A CMS and a website builder can both build high-quality websites. The difference is in how they approach the tasks at hand.
CMS platforms are effective for website content, such as when heavy blogging is involved. Add-ons allow bloggers to customize the blogging experience. Also, you can host the site you build on any server you choose, and it’s easy to switch from one host to another if and when you’re ready.
Popular CMS platforms include Drupal, Joomla, and WordPress.
By contrast, website builders focus on tools to build the website and are strong when it comes to front-end visual interfaces.
Website builders create websites on the builder’s hosting platform. They use proprietary software that only works on their pages. That means code changes are limited.
They are easy to use and don’t require any knowledge of coding or what goes on behind the scenes. Examples of website builders include Wix, Weebly, and Shopify, among others.
If you don’t need a website with a lot of content, then website builders may be a preferred option for you.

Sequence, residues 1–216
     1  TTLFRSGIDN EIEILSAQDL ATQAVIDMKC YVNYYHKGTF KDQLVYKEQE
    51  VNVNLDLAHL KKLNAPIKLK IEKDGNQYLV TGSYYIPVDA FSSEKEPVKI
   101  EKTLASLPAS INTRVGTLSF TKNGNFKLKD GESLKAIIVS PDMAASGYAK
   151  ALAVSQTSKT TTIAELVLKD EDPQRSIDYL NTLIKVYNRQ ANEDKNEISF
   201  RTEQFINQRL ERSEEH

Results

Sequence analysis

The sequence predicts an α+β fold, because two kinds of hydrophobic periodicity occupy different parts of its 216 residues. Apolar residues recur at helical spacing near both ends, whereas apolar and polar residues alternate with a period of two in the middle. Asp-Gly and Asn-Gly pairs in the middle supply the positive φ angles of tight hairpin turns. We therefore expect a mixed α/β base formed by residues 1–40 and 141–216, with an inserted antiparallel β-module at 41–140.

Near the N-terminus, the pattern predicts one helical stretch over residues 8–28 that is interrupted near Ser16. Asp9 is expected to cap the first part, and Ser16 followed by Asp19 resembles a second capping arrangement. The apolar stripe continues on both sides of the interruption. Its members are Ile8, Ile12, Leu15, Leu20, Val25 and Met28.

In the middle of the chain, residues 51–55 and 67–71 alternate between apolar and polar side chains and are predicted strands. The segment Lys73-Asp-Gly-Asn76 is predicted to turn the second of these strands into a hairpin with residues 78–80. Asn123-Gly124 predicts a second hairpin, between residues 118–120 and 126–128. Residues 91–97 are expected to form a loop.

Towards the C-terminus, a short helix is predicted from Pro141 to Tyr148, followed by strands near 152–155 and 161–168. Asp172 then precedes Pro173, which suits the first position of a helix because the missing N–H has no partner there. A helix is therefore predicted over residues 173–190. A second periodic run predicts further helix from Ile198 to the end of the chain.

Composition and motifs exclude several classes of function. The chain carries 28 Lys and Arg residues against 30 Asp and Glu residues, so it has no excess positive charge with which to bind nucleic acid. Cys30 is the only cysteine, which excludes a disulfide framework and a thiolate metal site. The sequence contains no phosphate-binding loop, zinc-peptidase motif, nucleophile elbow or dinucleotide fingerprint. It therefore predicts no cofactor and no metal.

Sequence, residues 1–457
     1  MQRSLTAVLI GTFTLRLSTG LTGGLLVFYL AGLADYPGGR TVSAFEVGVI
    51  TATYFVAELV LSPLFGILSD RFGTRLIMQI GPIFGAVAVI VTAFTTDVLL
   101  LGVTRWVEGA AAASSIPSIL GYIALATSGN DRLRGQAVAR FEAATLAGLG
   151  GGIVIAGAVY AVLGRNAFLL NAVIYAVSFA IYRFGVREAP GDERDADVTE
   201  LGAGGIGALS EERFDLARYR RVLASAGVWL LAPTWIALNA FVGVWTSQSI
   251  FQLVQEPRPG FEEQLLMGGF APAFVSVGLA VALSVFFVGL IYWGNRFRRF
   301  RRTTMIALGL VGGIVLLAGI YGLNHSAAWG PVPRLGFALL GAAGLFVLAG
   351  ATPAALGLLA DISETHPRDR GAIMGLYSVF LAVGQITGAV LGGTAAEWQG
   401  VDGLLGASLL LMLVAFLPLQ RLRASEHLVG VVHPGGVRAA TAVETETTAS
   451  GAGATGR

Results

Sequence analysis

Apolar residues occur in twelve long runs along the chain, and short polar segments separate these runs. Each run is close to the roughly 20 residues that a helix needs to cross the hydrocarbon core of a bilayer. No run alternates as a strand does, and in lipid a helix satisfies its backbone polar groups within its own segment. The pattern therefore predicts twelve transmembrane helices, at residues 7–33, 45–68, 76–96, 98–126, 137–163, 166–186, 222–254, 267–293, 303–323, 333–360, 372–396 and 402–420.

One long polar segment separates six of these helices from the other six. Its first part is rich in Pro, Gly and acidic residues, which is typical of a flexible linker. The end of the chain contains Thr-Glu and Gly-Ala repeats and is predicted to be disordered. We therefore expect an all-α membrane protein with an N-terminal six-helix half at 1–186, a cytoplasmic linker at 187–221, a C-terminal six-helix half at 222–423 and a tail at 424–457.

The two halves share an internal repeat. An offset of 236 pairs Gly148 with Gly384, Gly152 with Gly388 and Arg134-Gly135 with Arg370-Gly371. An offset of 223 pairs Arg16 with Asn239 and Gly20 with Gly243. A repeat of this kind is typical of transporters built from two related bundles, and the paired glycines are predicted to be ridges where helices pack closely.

Top Reasons to Use a CMS
There are several reasons to use a CMS for your online marketing efforts.
It’s user friendly. You don’t need to be a tech wizard to use a CMS. You can deploy a CMS that matches your team’s level of technical expertise so that you can begin seeing results almost immediately. Some content management systems, like WordPress, hinge on ease of use as one of their key features. Ready-to-use templates flatten a short learning curve so you can see results in a flash.
Ease of collaboration. Several members of your tech and marketing teams can have access to the dashboard, allowing for easy collaboration on multiple projects. It’s easy to edit, update, and add content from all types of devices while providing centralized storage and access point for your online content.
Customization and expandability. With SEO tools and plugins, you can customize and expand your capabilities in almost limitless ways. You can dial in the functionality of your CMS so that it meets your SEO and online traffic goals with the least amount of effort.